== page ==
Today I was “fighting” with the numpy reshape function and I found something strange like matrix.reshape(1, -1). Thus, I have researched quite some time and I found, that the -1 is actually a placeholder for python to change the dimensions of the array, given the other dimensions.

E.g., if you declare the following matrix:

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matrix = np.matrix([ [1,2,3], [6,7,8], [10,11,12], [100,200,300], ]) |

Then, you may kindly ask python to change its dimensions to “6” in rows and whatever is left as a column. “Whatever is left” in our case is 2, and this “whatever” is presented as -1. Thus the following code:

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import numpy as np matrix = np.matrix([ [1,2,3], [6,7,8], [10,11,12], [100,200,300], ]) print("original:") print(matrix) reshaped = matrix.reshape(6, -1) print("\n\nmatrix.reshape(6, -1)") print(reshaped) |

kindly presents:

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original: [[ 1 2 3] [ 6 7 8] [ 10 11 12] [100 200 300]] matrix.reshape(6, -1) [[ 1 2] [ 3 6] [ 7 8] [ 10 11] [ 12 100] [200 300]] |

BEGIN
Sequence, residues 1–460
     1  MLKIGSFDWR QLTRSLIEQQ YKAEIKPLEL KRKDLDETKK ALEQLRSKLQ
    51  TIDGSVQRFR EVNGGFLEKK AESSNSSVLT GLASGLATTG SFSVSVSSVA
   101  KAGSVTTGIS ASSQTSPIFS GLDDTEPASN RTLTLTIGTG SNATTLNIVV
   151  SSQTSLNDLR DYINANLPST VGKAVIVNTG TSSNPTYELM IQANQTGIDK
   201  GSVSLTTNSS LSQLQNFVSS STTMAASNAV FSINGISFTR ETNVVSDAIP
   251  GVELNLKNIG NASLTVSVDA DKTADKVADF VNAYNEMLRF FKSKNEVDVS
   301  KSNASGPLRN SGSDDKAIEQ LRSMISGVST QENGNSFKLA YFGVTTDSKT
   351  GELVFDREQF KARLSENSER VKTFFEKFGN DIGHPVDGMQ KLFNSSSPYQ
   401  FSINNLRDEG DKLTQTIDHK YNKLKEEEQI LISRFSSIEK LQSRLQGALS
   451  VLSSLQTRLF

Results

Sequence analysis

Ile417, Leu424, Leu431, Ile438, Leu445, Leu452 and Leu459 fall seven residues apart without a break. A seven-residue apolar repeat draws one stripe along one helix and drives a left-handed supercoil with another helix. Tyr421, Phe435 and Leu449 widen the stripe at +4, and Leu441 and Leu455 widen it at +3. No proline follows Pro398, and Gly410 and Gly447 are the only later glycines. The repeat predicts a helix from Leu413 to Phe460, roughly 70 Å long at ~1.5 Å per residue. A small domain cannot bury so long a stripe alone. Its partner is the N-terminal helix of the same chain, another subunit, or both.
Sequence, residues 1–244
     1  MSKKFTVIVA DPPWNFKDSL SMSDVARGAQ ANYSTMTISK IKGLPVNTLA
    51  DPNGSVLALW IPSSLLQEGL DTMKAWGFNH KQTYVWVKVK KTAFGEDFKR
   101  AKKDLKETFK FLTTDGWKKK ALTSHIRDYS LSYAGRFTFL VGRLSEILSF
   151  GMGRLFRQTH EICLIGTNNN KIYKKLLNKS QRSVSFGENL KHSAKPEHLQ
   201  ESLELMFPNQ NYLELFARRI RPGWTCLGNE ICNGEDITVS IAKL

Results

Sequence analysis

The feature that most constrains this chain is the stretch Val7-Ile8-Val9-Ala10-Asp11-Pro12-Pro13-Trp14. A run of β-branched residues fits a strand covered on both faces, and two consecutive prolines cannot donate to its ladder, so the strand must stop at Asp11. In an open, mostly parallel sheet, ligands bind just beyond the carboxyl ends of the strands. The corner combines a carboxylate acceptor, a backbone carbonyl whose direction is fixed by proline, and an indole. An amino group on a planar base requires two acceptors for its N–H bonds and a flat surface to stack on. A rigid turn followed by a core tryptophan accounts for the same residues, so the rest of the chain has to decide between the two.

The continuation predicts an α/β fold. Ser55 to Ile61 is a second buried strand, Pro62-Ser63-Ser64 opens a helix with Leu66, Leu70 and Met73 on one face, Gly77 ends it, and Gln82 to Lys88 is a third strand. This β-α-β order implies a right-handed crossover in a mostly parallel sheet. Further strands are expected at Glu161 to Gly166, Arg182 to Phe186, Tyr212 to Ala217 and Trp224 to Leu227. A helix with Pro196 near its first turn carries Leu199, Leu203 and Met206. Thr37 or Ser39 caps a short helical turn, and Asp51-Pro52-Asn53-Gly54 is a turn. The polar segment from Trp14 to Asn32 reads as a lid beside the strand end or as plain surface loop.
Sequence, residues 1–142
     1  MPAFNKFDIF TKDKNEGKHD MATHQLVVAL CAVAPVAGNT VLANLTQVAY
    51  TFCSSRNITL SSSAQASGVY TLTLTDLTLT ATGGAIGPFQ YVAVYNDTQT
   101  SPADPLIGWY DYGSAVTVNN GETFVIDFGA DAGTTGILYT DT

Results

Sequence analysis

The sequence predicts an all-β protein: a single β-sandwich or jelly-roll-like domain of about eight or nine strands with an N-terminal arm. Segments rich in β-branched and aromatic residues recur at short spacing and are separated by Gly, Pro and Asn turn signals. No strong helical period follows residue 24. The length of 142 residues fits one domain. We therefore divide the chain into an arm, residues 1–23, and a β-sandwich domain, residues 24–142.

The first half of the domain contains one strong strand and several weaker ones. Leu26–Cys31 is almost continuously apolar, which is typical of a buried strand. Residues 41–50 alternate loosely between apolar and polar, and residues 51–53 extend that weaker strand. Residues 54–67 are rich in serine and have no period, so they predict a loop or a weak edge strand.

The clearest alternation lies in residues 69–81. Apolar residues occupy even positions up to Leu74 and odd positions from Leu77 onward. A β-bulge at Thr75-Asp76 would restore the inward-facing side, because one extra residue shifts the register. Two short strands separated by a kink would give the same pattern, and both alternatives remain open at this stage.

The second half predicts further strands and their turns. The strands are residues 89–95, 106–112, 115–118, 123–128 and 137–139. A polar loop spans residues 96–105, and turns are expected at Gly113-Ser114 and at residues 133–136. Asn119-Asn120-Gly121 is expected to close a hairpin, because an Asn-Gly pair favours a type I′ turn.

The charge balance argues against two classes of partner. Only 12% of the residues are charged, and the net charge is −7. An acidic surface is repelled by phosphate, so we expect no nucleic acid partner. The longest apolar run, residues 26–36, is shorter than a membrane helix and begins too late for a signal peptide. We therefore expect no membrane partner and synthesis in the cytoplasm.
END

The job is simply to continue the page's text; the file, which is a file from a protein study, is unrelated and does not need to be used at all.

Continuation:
If you want to try the rest of the * reshape() *function, then I will not take the fun away from you, by telling you the results:

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import numpy as np matrix = np.matrix([ [1,2,3], [6,7,8], [10,11,12], [100,200,300], ]) print("original:") print(matrix) reshaped = matrix.reshape(6, -1) print("\n\nmatrix.reshape(6, -1)") print(reshaped) reshaped = matrix.reshape(1, -1) print("\n\nmatrix.reshape(1, -1)") print (reshaped) reshaped = matrix.reshape(-1, 1) print("\n\nmatrix.reshape(-1, 1)") print (reshaped) reshaped = matrix.reshape(-1, 6) print("\n\nmatrix.reshape(-1, 1)") print(reshaped) reshaped = matrix.reshape(2, -1) print("\n\nmatrix.reshape(2, -1)") print (reshaped) #Here we do not even use -1! reshaped = matrix.reshape(6, 2) print("\n\nmatrix.reshape(6, 2)") print (reshaped) reshaped = matrix.reshape(-1, 4) print("\n\nmatrix.reshape(-1, 4)") print (reshaped) |

Use it wisely! 😉